Besides interpreting, Jones carried various commissions for the government. One assignment to carry a large sum of government funds to Buffalo Creek, was very dangerous because thieves frequented routes to the Niagara frontier. Jones instructed friends that , if he were killed while in camp, they should look for the money where he would bury it each evening; twenty rods northeast of where he slept. One night on his
journey he was awakened by a dream telling him that if he stayed where he was his bones would be in a pile. Finding no one nearby, he went back to sleep, but was again roused by the same dream. Furthermore, something had frightened his horse.
Quickly retrieving the money, he rode away and within a few minutes met a man holding a large club but got safely past .Further along the trail he saw a man tending a fire under a large kettle- designed, perhaps, to cook his body into a "pile of bones?"
In any event he reached Buffalo Creek intact.

White settlers credited his influence with preventing Indian raids, and once he did forestall a massacre. Indian warriors had gone to some pioneers home demanding liquor and when refused, attacked the family. Jones happened to come upon the scene just in time not only to dissuade the Indians from fighting but also to jolly them into good humor. Lest he be made to sound too saintly however, there is the anecdote of his meting out pioneer justice to a man known as "the Refugee Walker". Walker had the perverse habit of terrorizing settlers with fictitious alarms that indians were about to attack them. Exasperated by one such tale Jones struck him with an axe and might have killed him if friends had not interfered. Walker sensibly departed for Canada. Jones's diplomacy no doubt saved the life of Simeon Hovey, a carpenter who built barns for the Wadsworths and Judge Phelps. In breaking up a fight between two Indians, Hovey hit one with a stick. Other Indians were afraid that the injured man would die and wanted to take "the little carpenter," as they called him hostage. Jones persuaded them not to with the assurance that, if the man died, Hovey would pay them ten dollars. That satisfied them, besides which, the Indian re-covered.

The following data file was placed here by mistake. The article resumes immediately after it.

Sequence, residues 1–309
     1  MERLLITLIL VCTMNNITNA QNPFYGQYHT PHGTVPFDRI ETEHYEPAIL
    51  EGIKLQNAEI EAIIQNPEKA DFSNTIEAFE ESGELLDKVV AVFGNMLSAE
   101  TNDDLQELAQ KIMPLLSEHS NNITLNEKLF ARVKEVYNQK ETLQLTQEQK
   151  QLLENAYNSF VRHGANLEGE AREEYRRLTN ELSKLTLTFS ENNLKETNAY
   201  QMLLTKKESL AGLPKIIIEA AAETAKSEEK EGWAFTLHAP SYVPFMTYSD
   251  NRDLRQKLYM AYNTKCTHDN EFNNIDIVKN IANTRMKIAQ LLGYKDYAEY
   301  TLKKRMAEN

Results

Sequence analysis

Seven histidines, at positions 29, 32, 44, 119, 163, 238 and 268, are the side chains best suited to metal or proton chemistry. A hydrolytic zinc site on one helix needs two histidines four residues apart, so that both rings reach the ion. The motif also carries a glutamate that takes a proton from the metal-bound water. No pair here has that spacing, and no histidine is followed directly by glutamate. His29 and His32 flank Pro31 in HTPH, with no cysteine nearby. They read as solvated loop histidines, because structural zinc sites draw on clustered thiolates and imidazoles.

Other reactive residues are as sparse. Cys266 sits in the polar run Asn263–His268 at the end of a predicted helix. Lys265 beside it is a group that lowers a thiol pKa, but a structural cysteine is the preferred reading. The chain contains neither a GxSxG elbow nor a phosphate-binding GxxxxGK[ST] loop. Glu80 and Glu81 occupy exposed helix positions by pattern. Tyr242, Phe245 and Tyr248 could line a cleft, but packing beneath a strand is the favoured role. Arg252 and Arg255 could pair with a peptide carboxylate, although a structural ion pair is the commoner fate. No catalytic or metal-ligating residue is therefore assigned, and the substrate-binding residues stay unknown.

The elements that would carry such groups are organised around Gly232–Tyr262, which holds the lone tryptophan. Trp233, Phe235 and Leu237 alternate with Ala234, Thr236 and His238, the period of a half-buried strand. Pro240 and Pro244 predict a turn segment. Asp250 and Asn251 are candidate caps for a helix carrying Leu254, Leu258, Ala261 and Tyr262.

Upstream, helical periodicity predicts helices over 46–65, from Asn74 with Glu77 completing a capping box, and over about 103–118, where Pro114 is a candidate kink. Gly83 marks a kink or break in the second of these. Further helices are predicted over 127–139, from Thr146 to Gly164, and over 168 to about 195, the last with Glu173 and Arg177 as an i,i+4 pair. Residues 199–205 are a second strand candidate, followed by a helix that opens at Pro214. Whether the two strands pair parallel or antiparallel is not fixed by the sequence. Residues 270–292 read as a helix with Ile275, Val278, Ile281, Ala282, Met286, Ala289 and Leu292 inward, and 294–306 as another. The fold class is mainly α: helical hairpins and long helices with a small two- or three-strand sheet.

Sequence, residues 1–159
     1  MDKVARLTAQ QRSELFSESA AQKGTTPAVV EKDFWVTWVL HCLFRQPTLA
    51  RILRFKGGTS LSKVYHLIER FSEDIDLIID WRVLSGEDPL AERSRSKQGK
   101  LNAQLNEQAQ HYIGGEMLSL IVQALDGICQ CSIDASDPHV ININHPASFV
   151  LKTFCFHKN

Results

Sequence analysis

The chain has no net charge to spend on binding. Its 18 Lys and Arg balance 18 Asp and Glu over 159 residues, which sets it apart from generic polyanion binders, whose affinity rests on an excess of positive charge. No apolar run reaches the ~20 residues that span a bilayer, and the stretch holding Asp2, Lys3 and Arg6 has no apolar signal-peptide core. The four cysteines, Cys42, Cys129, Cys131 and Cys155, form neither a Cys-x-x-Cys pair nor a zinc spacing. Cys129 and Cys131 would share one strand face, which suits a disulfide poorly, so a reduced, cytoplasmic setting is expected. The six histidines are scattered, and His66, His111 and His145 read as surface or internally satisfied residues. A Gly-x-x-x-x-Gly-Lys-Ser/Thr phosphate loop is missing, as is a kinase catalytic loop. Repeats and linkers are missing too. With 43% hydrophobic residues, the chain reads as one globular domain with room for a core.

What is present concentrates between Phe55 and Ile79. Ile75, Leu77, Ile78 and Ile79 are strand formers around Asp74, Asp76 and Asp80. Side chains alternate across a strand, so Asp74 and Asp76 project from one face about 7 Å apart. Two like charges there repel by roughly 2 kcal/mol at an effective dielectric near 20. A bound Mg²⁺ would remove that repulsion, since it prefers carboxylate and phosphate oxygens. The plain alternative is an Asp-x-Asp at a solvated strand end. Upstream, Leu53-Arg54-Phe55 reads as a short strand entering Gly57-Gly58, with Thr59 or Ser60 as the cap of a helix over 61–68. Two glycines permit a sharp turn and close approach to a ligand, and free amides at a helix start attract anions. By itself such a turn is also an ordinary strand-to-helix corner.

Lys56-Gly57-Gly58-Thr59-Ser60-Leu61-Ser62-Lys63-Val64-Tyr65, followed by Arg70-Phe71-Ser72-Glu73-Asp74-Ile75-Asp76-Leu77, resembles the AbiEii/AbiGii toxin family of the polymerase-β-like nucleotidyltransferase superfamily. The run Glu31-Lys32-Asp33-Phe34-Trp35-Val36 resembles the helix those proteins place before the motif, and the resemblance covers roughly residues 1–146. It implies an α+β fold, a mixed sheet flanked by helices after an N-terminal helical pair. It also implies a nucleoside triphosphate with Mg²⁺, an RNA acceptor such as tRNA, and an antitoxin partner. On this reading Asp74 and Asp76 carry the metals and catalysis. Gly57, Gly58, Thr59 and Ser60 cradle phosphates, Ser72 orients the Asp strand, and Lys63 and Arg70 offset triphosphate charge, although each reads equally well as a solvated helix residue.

Once an Indian woman was so angry at being excluded from a pow-wow being held near the Jones home that she set fire to dry hay on the river flatland. Trying to rescue his stock, Jones was surrounded by flames but lay down on a patch of green grass where the wave of fire passed over him. Yet he was not quite invincible. The story is told of a white guide who protested when a crowd of Indians repeatedly threw one of their group into a fire. His His interfering in their affairs led a crowd to attack him until Jones appeared and began to fight him alone. It is said that Horatio was then beaten for the first time in his life.

A council of the six Nations gave Jones and Parrish land near Lake Erie in 1798, when Farmer's Brother said "They... have for several years been serviceable to us as interpreters; we still feel our hearts beat with affection for them and now wish to fulfill
the promise we made them for their services."

Horatio must have enjoyed his later years. As a prosperous farmer he associated with the Genesee gentry and still kept contact with old friends. At a dinner given by James Wadsworth to which several Indian Chiefs were invited, he and Sharp Shins marked the end of their rivalry by smoking a peace pipe. He saw his and Elizabeth's twelve children become respected citizens. Active throughout his life, he interpreted at the trial of an Indian accused of witch-killing in1831 and was said to have kept court and audience in good humor with his remarks.